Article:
• Discovery Place means the world to me. They showed me the tools that I’ve tried to use everyday in my life to think less often of myself, and more frequently of others. I am learning to lend a hand when I am able and to have a honest and humble relationship with God and the people around me. Not only am I clean and sober, but also I am happy and fulfilled.

    Tommy Parker
  • Discovery Place and the men who work there made recovery attractive, and more importantly, fun. There is strength in the struggle. I am forever grateful for my time at Discovery Place.

    Creed McClellan
  • When I got to Discovery Place my whole life was in shambles, but I didn’t know it. I spent 6 months in their programs, participating in all three phases, and was met with kindness and love all along the way. It is unbelievable to me, where I am now relative to where I was when I arrived at DP.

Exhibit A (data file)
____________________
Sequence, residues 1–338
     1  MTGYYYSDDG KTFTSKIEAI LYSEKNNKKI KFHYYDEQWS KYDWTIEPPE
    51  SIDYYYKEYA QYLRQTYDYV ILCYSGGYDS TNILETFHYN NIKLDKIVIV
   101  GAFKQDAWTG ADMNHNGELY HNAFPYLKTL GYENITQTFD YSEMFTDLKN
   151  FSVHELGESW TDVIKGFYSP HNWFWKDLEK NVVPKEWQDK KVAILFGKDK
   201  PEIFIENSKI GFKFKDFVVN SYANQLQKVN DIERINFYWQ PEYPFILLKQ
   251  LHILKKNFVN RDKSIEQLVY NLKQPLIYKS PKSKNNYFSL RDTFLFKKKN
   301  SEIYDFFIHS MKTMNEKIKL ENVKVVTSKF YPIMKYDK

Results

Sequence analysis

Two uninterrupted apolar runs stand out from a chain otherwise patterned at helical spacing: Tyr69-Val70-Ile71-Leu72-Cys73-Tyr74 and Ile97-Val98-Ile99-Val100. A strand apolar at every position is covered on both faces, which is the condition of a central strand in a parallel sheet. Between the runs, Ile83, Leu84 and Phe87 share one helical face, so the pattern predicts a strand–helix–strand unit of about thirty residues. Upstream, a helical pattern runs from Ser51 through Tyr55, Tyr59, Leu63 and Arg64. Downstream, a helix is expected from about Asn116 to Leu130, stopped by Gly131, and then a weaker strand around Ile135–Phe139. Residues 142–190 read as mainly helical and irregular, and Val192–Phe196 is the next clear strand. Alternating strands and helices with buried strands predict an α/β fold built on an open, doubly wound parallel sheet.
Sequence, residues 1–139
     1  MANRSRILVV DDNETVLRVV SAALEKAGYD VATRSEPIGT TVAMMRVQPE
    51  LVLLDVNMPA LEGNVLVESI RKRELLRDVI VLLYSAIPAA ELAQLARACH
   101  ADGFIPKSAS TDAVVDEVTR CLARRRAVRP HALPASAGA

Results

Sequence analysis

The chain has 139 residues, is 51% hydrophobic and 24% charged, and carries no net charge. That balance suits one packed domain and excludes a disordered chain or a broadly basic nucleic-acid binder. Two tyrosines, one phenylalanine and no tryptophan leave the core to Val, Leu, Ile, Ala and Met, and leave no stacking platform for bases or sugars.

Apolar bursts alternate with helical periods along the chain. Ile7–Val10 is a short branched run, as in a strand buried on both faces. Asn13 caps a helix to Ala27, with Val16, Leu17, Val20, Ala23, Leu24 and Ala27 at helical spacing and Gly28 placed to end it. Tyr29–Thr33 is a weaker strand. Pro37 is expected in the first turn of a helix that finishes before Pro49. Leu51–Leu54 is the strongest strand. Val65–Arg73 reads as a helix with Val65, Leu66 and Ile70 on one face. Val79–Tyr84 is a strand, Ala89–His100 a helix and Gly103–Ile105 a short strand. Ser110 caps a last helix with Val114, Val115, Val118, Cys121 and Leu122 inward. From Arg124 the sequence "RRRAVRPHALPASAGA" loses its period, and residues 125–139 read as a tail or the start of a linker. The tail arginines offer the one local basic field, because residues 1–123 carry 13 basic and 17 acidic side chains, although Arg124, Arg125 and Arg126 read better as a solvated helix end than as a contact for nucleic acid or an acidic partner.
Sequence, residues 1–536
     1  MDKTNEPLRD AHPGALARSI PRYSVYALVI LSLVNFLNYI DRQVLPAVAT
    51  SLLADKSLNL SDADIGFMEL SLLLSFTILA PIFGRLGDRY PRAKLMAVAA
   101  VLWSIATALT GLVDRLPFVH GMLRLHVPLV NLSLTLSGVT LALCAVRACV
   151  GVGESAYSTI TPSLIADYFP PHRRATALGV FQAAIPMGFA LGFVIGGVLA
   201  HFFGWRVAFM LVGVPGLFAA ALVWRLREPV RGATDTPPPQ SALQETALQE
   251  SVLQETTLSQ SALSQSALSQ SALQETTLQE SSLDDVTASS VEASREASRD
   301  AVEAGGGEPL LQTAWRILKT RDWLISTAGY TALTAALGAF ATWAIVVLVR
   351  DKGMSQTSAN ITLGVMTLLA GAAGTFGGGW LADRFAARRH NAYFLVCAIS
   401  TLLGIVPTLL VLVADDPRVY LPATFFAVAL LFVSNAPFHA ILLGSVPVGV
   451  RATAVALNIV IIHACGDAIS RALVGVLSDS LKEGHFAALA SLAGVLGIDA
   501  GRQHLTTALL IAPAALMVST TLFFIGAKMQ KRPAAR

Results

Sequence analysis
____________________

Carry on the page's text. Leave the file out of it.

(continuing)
Lance Duke
  • I can never say enough good things about Discovery Place and the people who work there. Before checking in to DP, I was out of options and out of answers. Fortunately, Discovery Place has a solution. Taking suggestions from the staff at DP saved my life, and as a result, I’m now more content and hopeful about life. I’m grateful for Discovery Place showing me how to live a healthy life so that I can become a better man and help the next guy.”

    Tyler Buckingham

    Thinking About Rehab?

    Learn More About Our Alternative Residential Recovery Programs

      Alternative Drug & Alcohol Treatment Rehab
    • Admissions
    • About Us
    • Contact
    • Talk to someone about your options

      Talk to someone about your options

      Blue Pig Media